As a veteran, there are many war stories that I could tell, but I do not. I probably never will. I was awarded some medals that still sit in boxes in my closet. I could not make sense of the world that I came home to compared to what I thought it had been when I left. A lot of things changed when I was in Iraq from March 2009-10. Flip phones became smart phones, people stopped following war coverage, and I had no way to reconnect with myself, much less anyone else.
I went to the Department of Veteran Affairs (VA) to seek mental health treatment at the behest of my family. I filed for disability and tried therapy and medication. It took many months for my disability rating to come back but only five sessions with a social worker for me to drop treatment and medications cold turkey. Instead, I found solace in alcohol like many of my peers.
I clearly remember one conversation with my therapist: “So I have these persistent thoughts of killing myself, it messes up any rhythm of my day, I don’t know if it is the medication or me, but I keep blacking out.”
“I understand, but our treatment plan is for six sessions, so I am not really sure what to do with you”
How did I interpret this exchange? At the time, I did not think my problems were going to be solved in therapy, and I felt I was putting my career at risk by talking to someone. As a soldier, this left me with the sense that the VA did not care about me and even switching social workers would not be the answer. Why? Because those who have been psychologically damaged by traumatic experiences often believe that they do not have the right to receive adequate care. Nor do they believe that it is their right to even request care. I spent the next two years trying to negotiate my diagnosis without seeking treatment. Three years later, I was in Afghanistan.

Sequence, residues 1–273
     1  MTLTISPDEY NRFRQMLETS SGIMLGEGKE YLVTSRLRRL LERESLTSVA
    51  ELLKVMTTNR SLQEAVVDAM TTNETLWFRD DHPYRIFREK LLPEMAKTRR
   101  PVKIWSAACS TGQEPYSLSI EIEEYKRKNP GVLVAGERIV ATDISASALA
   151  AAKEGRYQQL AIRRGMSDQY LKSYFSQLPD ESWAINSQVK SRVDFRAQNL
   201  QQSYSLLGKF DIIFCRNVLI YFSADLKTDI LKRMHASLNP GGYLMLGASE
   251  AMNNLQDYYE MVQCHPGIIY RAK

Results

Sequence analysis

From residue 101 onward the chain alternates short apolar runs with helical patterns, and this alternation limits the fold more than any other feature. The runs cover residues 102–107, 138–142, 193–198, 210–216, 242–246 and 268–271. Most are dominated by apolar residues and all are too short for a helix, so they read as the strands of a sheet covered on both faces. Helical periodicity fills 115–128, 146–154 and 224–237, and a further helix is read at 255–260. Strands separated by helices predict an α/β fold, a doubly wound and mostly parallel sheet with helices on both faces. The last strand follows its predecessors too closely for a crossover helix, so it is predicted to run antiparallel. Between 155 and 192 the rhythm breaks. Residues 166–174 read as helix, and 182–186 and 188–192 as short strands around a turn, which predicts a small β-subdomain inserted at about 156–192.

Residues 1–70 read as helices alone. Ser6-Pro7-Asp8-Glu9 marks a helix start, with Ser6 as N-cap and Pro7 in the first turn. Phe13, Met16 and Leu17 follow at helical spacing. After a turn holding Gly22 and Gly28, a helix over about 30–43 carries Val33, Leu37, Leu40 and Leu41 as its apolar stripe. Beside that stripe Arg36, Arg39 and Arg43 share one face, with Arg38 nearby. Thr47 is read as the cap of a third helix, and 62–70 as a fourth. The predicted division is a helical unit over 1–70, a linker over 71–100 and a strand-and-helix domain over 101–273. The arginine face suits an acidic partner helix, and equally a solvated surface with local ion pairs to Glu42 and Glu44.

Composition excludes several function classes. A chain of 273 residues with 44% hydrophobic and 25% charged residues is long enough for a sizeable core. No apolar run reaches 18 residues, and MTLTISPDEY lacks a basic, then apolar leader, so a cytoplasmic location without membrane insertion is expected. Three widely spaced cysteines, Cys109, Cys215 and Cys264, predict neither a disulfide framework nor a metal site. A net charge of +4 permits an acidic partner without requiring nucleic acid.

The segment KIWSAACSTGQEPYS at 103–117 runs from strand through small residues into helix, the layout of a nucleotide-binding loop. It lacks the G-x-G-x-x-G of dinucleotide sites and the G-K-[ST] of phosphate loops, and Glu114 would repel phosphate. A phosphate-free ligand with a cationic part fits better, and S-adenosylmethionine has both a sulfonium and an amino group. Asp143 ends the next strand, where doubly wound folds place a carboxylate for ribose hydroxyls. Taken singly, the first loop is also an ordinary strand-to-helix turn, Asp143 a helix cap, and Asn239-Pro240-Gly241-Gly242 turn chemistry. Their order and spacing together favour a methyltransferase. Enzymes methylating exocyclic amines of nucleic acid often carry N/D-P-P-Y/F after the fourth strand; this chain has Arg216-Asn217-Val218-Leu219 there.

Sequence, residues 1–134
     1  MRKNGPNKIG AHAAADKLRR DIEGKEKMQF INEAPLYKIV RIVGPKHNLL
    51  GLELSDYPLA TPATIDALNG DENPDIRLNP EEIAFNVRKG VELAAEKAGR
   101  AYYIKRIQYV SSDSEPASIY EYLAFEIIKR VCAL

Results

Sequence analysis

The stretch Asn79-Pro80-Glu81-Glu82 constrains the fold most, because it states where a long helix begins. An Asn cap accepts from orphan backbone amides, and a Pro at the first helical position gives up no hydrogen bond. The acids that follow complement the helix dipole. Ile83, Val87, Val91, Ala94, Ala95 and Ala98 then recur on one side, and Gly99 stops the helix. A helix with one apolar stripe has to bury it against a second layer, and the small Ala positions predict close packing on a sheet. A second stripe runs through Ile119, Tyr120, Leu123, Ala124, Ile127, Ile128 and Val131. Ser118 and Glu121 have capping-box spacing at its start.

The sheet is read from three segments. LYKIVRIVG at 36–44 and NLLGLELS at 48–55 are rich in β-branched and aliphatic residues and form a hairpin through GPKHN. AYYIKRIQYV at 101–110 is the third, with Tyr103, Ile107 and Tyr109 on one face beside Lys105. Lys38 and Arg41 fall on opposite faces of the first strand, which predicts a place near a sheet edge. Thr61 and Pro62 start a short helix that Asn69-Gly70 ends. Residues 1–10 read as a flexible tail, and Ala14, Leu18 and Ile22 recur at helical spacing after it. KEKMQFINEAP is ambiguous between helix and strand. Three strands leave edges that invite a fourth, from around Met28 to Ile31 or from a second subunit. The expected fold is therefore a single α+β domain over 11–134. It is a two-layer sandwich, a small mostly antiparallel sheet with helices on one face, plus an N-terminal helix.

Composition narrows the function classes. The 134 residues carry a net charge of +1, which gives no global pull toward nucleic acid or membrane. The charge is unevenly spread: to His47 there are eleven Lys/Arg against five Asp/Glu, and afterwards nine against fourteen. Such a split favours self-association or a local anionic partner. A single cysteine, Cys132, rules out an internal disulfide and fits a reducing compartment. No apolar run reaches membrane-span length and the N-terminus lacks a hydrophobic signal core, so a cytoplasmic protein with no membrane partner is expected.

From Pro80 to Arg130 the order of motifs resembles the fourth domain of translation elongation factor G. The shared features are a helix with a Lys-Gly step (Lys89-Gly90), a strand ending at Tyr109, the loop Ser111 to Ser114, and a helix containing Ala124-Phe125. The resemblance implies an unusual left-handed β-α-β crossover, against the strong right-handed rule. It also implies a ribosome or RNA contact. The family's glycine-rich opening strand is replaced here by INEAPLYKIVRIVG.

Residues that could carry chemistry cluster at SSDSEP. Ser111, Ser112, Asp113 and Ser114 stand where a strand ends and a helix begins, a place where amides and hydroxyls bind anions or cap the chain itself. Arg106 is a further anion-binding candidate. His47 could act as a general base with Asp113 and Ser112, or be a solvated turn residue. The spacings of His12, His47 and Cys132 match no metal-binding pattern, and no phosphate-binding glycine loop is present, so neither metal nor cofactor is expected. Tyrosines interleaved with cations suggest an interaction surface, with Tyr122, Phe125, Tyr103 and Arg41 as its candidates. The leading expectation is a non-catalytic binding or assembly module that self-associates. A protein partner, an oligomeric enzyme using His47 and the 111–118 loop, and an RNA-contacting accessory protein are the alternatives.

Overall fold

Click. My pistol jammed? How many times had I cleaned, unloaded, and loaded it? That was a moment that lasted a lifetime as I sat on a dirty mattress on the floor of a plywood shack in Afghanistan circa 2013. Life is a fickle gift, and our worst moments can bring blinding clarity.
For me, that clarity changed everything; everyone has a right to care and support. Often folks do not know what is out there and available to help them.
Today, I have the privilege of working for a team that can meet anyone, anywhere in the county, day or night - every day of the year. There are resources to support anyone in moments of need. Things have changed at the VA as well. The VA is better equipped with amazing clinicians, including one who saved my life and set me on a different path. Now I am a social worker, and I work on a team called First Call for Chittenden County. We are a team of clinicians from various walks of life and experiences. Now I know that help is only a call away.
So whether you’re a veteran or not - if you need help - give 802-488-7777 a call. If you hear “Hello, this is First Call,” let’s talk about how we can help you. We are here to help.
Veterans can also connect nationally to the Veteran’s Crisis Line at 1-800-273-8255 and press 1 to talk to someone. Veterans can also text 838255 to connect with a VA responder.
If you or a friend is in need, please reach out.